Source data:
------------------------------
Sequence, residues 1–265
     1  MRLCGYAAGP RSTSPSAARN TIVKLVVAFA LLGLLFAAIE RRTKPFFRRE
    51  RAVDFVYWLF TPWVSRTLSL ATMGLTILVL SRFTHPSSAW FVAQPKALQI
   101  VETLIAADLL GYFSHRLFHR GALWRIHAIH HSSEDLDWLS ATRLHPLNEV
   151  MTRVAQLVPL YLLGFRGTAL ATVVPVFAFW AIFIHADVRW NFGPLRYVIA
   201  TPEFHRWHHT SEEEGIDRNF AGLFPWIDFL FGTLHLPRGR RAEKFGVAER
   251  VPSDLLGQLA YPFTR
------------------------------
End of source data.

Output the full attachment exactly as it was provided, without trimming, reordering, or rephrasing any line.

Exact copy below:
Sequence, residues 1–265
     1  MRLCGYAAGP RSTSPSAARN TIVKLVVAFA LLGLLFAAIE RRTKPFFRRE
    51  RAVDFVYWLF TPWVSRTLSL ATMGLTILVL SRFTHPSSAW FVAQPKALQI
   101  VETLIAADLL GYFSHRLFHR GALWRIHAIH HSSEDLDWLS ATRLHPLNEV
   151  MTRVAQLVPL YLLGFRGTAL ATVVPVFAFW AIFIHADVRW NFGPLRYVIA
   201  TPEFHRWHHT SEEEGIDRNF AGLFPWIDFL FGTLHLPRGR RAEKFGVAER
   251  VPSDLLGQLA YPFTR